The first episode of the long-awaited Season 4 of The Last Kingdom covers a lot of ground—re-connecting us with on-going characters and introducing some new faces. It appears to be following the two major story lines from Cornwell’s 7th novel, The Pagan Lord. The first plot involves Uhtred’s return to Bebbanburg and his attempt to retake it. The second focuses on the Danish armies under Cnut and their efforts to conquer Mercia. How the story lines play out on the show, though, differs greatly from what happens in the novel.
The episode opens with a desperate, bloody battle in Northumbria between our hero’s nasty uncle Aelfric, (Joseph Millson), who stole the fortress and its lands from Uhtred, and a Scottish horde that is eager to dislodge him. Aelfric escapes with his life, but his repellent nature is on full display as he vilifies his men.
Meantime, miles away in southern Mercia, the very opposite of a battle is taking place in Uhtred’s bedchamber. Anyone who is not familiar with Bernard Cornwell’s brilliant novels which are the basis for this series might be surprised to see Uhtred making passionate love to the Lady Aethelflaed, but this scene pretty much mimics Cornwell’s first reference to their coupling back in The Burning Land (Book 5) when one morning we discover that she is with him in his bedchamber, her feet bare as she joins him to gaze out the window. There were plenty of hints that this romantic liaison was coming, of course, but nothing explicit, not even a kiss, until now. Nevertheless, in the space of a single scene we learn that Uhtred (Alexander Draemon) and Aethelflaed (Millie Brady) are now lovers, and we are reminded, when they’re interrupted by her supporter Aldhelm (James Northcote), that she is married to Ealdorman Aethelred who hates her and who has not just one lover, but many.
Speaking of Aethelred (Toby Regbo), his newest near-conquest is a beauty named Eadith (Stefanie Martini) who is playing a ‘come hither’ game that is frustrating the ealdorman. She appears to be out for whatever she can get from him without giving anything in return.
We hope she wins, but her brother, Eardwulf (Jamie Blackley) is worried that Aethelred will slip from the hook if she’s not a little more forthcoming. As the commander of Aethelred’s household guards, Eardwulf has been talking with the Dane Haesten who’s been feeding him information about the movements of Cnut’s Danish army.
At this point longtime TLK fans are shouting at the screen “Haesten is a spavined weasel. Don’t trust him!” But Eardwulf can’t hear us.
Haesten (Jeppe Beck Laursen), of course, is in cahoots with Cnut (Magnus Brun) and Brida who are hungry for conquest and are happily misleading the Saxons about their plans. The character of Brida—the spunky girl who was Uhtred’s love in Season 1 and later Ragnar’s woman—has been slowly evolving into a bitter creature who hates all Christians. It’s an accurate reflection of her character development in the books, and Emily Cox’s portrayal of Brida is spot on.
Down in Winchester there is unrest within the royal family. King Edward’s mother, Lady Not-A-Queen Aelswith (Eliza Butterworth), resents her son’s dependence on his father-in-law, Aethelhelm (Adrian Schiller) while she’s been demoted to a new position as the king’s annoying and ignored mother.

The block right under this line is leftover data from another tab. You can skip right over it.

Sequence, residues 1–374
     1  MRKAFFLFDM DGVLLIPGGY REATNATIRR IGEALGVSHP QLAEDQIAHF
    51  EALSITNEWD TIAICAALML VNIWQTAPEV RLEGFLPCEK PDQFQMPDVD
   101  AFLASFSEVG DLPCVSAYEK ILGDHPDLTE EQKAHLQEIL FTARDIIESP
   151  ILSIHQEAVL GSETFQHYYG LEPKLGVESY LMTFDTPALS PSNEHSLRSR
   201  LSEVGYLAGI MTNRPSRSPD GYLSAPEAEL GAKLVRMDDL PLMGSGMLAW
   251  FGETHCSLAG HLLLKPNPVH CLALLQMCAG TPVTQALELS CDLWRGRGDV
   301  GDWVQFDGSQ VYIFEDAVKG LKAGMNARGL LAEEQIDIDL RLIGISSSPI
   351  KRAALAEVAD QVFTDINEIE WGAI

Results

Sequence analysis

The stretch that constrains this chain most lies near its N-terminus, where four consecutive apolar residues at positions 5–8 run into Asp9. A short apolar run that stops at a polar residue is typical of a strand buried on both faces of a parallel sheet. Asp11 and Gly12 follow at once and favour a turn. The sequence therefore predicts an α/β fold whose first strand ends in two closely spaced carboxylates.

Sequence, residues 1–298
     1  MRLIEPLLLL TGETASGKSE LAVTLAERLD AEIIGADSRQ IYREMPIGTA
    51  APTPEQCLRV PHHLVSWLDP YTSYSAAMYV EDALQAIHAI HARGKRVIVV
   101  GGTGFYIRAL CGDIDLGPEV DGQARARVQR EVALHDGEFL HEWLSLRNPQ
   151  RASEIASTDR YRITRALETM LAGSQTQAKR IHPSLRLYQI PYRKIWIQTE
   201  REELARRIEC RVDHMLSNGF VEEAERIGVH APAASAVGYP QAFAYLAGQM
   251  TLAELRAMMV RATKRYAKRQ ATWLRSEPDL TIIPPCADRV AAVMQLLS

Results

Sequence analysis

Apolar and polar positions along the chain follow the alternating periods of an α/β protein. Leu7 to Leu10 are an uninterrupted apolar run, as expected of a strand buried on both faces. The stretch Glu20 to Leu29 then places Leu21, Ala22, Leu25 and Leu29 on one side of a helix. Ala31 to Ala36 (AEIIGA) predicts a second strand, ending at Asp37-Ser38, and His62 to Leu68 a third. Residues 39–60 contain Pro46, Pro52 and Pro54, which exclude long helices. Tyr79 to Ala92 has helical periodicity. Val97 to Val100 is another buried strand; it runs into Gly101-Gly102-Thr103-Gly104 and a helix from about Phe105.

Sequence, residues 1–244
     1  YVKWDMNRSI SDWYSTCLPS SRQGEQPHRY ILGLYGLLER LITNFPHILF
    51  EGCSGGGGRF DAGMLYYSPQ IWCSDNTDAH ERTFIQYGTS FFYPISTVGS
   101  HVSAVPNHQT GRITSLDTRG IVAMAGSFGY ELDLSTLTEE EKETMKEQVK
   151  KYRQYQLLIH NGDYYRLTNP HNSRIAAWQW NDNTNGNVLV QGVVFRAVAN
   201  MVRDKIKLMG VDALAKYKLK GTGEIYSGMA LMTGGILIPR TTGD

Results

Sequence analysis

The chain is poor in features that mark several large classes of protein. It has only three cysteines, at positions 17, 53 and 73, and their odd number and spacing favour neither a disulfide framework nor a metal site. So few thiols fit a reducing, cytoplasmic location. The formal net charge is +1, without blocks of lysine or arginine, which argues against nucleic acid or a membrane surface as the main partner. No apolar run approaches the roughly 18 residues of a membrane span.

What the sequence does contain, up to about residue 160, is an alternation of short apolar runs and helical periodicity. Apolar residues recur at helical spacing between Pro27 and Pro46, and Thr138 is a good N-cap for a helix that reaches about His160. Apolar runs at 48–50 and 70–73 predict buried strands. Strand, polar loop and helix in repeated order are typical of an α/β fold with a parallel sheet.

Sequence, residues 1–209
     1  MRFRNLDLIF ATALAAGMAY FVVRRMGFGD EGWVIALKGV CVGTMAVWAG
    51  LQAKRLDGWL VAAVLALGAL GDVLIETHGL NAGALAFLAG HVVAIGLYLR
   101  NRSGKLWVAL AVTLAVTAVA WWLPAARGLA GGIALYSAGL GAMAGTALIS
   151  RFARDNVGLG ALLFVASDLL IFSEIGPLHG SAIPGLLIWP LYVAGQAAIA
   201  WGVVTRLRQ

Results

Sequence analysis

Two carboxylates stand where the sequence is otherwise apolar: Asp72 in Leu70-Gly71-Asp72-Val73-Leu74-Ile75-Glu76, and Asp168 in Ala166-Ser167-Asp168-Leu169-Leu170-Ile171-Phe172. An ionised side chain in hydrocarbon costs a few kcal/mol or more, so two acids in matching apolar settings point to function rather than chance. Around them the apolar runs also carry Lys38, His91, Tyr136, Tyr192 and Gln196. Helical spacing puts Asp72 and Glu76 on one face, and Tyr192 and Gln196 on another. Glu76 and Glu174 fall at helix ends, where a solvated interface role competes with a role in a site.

It’s true that she was annoying when Alfred was alive, but at least he listened to her counsel. Her son merely sends her to her room (near the kitchens) and when she complains to Fr. Beocca about Aethelhelm’s ambition he tells her, “You cannot invite a serpent into the garden and be surprised when it slithers on the ground.”
Good old Fr. Beocca (Ian Hart). We’re so glad he’s still around, along with Hild (Eva Birthistle), Fr. Pyrlig (Cavan Clerkin), Steapa (Adrian Bouchet), and Uhtred’s merry gang of loyal followers Finan (Mark Rowley), Sihtric (Arnas Fedaravicius) and Osferth (Ewan Mitchell).
Uhtred’s son, Uhtred, makes his appearance near the episode’s end. There were two sons in the novels, and the show runners have decided to combine them into one figure. He and dad do not get along, which is not surprising, given that the boy was raised by monks to be a fervent Christian per Alfred’s command. I loved Uhtred’s grumbling aside that Alfred still torments him. Uhtred the elder really tries to reach out to the boy, but Uhtred the younger is a typical teenager—resentful, surly, defiant, and mouthy for a monk—to the great amusement of Uhtred’s merry band. His personality is very different from either of the sons in the novels. He’s actually a lot like his father, and adorable. Played by actorFinn Elliot.
There seems to be a father/son theme running through the episode. In a lovely moment Uhtred calls Beocca ‘father’, and he doesn’t appear to be using it as a title but as a relationship. Edward seems to have accepted Aethelhelm as a father figure, despite trying to be his own man. Edward’s rejected son, Athelstan, is mentioned, and as he is important I think we’ll be seeing him soon. Cnut’s two sons have joined him from Ireland. Aelfric is in trouble because his only son is dead, another digression from the novels. And Uhtred reclaims his own son from the abbey, although the jury is still out about how that relationship is going to go.
It’s a wonderful beginning to a new season. And now, on to Bebbanburg!